As we’ve seen, acceptance has proven difficult for some and the consequences of non-acceptance have been cruel. If there was ever a time to delay gratification that time is now. Your health, your life, is most important. Don’t be cavalier about it.
Master the emotions of change. Emotions can and will run the gamut, especially when life is suddenly disrupted. People are bound to feel confused, overwhelmed, stressed, anxious, disappointed, angry, and often depressed because of having to change course, or having to put one’s life on the back burner for a period of time.
In fact, there are specific emotions attached to making any change. These may include a sense of loss (because you’re often giving up one thing for something else when you make change), uncertainty, doubt, and discomfort. In addition, feeling frustrated that your life is temporarily on hold, fear of the unknown, and even panic may accompany the uncertainty of sudden change.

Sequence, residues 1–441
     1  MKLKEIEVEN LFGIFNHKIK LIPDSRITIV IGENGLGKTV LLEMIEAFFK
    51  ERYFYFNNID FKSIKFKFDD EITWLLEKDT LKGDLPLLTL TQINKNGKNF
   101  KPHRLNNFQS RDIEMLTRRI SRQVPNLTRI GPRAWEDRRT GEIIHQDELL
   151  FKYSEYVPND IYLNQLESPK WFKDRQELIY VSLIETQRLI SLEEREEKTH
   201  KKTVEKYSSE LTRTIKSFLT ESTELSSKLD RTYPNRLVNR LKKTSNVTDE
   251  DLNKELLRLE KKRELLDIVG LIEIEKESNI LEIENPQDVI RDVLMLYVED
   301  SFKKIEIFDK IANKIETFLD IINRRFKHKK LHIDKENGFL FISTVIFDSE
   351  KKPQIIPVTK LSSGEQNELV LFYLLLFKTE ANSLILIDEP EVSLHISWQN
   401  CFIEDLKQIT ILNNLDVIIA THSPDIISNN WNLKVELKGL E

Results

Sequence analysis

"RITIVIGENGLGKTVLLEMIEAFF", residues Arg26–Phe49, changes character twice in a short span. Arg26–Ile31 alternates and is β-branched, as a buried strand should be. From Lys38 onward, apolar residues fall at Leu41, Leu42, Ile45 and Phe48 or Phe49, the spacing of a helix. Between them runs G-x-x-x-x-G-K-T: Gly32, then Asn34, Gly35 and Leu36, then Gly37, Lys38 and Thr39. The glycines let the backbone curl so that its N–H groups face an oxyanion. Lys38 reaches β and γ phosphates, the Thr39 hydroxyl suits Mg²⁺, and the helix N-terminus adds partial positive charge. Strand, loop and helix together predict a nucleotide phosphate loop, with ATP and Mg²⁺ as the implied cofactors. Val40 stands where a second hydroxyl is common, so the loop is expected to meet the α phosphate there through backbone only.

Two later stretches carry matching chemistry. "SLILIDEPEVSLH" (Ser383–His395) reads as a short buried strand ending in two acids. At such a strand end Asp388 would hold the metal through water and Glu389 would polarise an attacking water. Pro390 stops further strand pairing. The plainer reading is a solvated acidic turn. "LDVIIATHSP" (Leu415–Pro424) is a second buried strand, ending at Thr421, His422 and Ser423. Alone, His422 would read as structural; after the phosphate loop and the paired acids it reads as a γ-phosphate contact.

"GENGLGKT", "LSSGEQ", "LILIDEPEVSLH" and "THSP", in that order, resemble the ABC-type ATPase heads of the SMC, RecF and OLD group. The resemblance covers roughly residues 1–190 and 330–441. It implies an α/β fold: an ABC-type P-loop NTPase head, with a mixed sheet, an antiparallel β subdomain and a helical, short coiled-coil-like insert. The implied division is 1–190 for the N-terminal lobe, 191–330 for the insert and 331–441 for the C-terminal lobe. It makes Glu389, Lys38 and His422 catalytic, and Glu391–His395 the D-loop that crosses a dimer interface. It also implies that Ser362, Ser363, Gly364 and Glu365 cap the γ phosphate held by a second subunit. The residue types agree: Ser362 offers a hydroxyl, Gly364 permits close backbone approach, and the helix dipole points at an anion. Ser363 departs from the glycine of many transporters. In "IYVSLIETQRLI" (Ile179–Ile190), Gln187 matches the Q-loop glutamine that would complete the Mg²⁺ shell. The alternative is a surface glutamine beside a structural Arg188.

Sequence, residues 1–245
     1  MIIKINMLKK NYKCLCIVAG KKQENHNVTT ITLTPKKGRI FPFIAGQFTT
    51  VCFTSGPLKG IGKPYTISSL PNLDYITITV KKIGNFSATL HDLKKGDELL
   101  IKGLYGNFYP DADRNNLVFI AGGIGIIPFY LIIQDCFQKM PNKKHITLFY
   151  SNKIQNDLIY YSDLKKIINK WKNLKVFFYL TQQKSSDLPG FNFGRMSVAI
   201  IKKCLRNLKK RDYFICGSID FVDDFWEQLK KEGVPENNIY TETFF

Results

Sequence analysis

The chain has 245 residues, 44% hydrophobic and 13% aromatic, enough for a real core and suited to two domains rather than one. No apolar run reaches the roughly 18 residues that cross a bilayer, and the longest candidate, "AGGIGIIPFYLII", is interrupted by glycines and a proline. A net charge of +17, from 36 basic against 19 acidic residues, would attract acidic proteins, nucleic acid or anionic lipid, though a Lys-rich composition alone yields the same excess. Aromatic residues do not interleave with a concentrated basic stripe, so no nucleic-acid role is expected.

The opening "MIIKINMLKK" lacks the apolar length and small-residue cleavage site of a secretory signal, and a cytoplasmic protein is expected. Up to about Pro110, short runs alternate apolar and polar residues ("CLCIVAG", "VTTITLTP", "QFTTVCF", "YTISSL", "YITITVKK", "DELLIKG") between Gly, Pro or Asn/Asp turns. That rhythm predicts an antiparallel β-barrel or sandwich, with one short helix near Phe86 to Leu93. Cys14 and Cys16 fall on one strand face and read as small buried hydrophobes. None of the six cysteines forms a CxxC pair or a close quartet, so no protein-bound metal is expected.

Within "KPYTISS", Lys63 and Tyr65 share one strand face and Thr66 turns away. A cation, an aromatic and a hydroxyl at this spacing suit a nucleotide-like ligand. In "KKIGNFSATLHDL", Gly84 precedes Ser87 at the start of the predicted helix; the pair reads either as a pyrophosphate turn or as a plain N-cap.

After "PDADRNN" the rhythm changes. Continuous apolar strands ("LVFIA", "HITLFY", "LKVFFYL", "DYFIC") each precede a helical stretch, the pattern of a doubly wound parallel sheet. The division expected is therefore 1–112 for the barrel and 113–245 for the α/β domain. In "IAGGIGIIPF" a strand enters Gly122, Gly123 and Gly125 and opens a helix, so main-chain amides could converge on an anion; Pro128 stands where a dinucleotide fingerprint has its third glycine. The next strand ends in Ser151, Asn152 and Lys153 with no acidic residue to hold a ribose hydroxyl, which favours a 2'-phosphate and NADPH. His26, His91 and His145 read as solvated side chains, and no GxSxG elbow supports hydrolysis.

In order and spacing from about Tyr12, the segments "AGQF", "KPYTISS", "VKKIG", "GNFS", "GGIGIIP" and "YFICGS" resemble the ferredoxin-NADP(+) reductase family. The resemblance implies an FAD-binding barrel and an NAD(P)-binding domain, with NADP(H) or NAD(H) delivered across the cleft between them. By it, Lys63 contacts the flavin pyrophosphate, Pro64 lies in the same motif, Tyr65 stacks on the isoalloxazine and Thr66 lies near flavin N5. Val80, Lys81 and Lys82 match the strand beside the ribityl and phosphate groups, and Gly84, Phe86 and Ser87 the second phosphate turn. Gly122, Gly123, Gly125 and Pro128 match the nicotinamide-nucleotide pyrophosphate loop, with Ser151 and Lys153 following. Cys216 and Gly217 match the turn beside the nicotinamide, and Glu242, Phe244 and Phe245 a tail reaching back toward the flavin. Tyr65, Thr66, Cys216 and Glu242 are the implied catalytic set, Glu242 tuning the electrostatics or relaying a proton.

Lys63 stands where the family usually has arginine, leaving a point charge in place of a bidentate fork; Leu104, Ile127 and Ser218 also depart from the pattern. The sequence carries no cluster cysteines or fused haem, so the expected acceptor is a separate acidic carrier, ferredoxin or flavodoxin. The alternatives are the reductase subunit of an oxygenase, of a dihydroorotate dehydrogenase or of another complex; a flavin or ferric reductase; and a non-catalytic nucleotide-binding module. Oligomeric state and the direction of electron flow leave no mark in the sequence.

Cultivate behaviors that help you cope with change. Patience will help you arrive at the best possible place you need to be. Often, we try to rush the results and act impulsively. So, yes, we’ve done something but it’s not the right thing and/or does not bring you the desired results. Let things unfold and let go of the outcome, especially when there are external factors that influence the mix.
Stay practical, persistent, and positive. Change may come rapidly but often takes a considerable amount of time to accomplish. There will inevitably be ups and downs while transitioning through change, and more so when dramatic change comes from the outside.
Keep an open mind, be flexible, and entertain various possibilities. While change is a serious matter, there’s every reason to keep a sense of humor. This balance will help you stay resilient and persevere through change.
Sudden change can take the wind out of you, pull the carpet from beneath your feet, and make you feel totally confused and out of sorts. Sudden change can make you doubt yourself and your ability to deal. But sudden dramatic change can also give you the unique opportunity to really see what you’re made of. You may be very surprised and pleased.